The rare name Royalene appeared in the SSA’s public dataset* for the first and only time in 1942:
- 1944: unlisted
- 1943: unlisted
- 1942: 5 baby girls named Royalene
- 1941: unlisted
- 1940: unlisted
What boosted Royalene into the data that year?
My guess is 26-year-old murder victim Royalene Hinkle of Watseka, Illinois. (Sorry about the watermarked image — it was the best photo of her that I could find.)
In March of 1941, Royalene and her boyfriend were found shot to death at the home of Royalene’s maternal uncle, Robert Feister (with whom she lived).
Feister went on trial for the two murders that summer. Notably, he had two heart attacks in the middle of the proceedings, but survived both. He was eventually found guilty — he’d been “hoping he would inherit her $11,000 estate” — and given a life sentence.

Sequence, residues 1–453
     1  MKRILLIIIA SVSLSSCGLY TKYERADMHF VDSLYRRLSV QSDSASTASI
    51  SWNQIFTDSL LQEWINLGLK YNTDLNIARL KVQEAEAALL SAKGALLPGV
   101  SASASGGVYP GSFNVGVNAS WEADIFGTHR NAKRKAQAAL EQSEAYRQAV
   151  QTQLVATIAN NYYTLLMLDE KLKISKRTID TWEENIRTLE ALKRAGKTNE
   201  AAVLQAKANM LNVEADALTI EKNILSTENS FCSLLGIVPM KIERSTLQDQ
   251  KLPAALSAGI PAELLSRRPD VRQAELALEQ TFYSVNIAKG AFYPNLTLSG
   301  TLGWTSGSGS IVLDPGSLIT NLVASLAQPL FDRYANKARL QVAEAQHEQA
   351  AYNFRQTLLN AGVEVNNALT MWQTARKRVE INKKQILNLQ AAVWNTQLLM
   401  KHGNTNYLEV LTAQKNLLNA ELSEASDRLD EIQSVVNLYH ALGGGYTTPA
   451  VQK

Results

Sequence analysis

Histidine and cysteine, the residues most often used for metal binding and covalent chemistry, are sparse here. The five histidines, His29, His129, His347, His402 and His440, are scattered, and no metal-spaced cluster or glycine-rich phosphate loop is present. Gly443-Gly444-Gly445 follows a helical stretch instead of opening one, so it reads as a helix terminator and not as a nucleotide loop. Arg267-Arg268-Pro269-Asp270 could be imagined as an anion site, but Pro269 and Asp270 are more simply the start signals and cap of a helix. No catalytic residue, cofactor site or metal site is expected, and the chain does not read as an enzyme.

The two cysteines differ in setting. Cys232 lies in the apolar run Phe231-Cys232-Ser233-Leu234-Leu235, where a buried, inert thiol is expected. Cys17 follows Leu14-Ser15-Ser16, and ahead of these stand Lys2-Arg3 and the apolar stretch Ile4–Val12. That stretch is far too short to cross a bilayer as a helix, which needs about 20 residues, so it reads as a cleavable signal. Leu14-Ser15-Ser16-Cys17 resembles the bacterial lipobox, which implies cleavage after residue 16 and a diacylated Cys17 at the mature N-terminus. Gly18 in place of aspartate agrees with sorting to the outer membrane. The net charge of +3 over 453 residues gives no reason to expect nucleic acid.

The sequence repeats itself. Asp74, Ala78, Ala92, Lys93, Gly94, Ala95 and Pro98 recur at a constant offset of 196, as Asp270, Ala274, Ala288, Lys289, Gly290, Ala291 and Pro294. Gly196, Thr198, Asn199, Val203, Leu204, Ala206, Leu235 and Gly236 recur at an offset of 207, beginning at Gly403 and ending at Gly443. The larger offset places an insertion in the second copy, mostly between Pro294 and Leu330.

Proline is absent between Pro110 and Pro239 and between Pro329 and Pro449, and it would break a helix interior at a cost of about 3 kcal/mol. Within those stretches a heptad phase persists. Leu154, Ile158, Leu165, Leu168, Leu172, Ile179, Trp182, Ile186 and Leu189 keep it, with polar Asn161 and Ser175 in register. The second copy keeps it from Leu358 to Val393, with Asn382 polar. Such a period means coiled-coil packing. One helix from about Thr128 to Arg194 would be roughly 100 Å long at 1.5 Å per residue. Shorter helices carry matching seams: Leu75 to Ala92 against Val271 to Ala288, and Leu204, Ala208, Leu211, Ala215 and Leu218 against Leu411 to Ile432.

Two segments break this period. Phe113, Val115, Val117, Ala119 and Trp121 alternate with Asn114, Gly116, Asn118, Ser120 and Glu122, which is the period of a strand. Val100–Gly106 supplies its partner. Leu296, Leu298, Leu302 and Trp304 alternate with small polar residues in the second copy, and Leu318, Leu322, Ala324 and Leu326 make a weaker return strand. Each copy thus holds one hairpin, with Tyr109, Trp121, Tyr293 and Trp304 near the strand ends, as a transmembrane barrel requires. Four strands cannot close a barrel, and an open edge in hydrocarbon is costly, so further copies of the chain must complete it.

The crime and ensuing court case kept the name Royalene in the papers for several months, and this ongoing exposure had enough of an influence on expectant parents to make “Royalene” a one-hit wonder the following year.
What are your thoughts on the name Royalene?
- “Farmer Is Guilty Of Killing Niece Punishment Set As Life Term.” Clarion-Ledger 21 Jul. 1941: 1.
- “Fiester Suffers Attack While Testifying.” Daily Illini 17 Jul. 1941: 2.
- “Inquest in Lovers’ Deaths.” Alton Evening Telegraph 2 Apr. 1941: 12.
- Mystery Solved
*The dataset only includes names given to five or more babies per year.